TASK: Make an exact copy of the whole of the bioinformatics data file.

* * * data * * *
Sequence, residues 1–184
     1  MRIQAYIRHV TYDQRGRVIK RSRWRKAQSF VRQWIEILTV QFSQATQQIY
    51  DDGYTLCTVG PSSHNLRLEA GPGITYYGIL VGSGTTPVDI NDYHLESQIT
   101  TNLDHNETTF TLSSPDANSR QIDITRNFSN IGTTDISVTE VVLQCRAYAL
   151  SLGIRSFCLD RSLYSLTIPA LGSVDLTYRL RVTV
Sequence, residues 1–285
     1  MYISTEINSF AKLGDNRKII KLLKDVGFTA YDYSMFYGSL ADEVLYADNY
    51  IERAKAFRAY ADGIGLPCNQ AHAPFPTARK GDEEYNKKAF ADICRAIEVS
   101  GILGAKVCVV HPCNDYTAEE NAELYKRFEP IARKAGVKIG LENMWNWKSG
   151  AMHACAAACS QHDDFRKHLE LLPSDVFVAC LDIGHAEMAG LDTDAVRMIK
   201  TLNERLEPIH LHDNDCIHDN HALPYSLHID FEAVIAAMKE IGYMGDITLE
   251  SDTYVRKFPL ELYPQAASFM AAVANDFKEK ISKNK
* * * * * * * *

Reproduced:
Sequence, residues 1–184
     1  MRIQAYIRHV TYDQRGRVIK RSRWRKAQSF VRQWIEILTV QFSQATQQIY
    51  DDGYTLCTVG PSSHNLRLEA GPGITYYGIL VGSGTTPVDI NDYHLESQIT
   101  TNLDHNETTF TLSSPDANSR QIDITRNFSN IGTTDISVTE VVLQCRAYAL
   151  SLGIRSFCLD RSLYSLTIPA LGSVDLTYRL RVTV
Sequence, residues 1–285
     1  MYISTEINSF AKLGDNRKII KLLKDVGFTA YDYSMFYGSL ADEVLYADNY
    51  IERAKAFRAY ADGIGLPCNQ AHAPFPTARK GDEEYNKKAF ADICRAIEVS
   101  GILGAKVCVV HPCNDYTAEE NAELYKRFEP IARKAGVKIG LENMWNWKSG
   151  AMHACAAACS QHDDFRKHLE LLPSDVFVAC LDIGHAEMAG LDTDAVRMIK
   201  TLNERLEPIH LHDNDCIHDN HALPYSLHID FEAVIAAMKE IGYMGDITLE
   251  SDTYVRKFPL ELYPQAASFM AAVANDFKEK ISKNK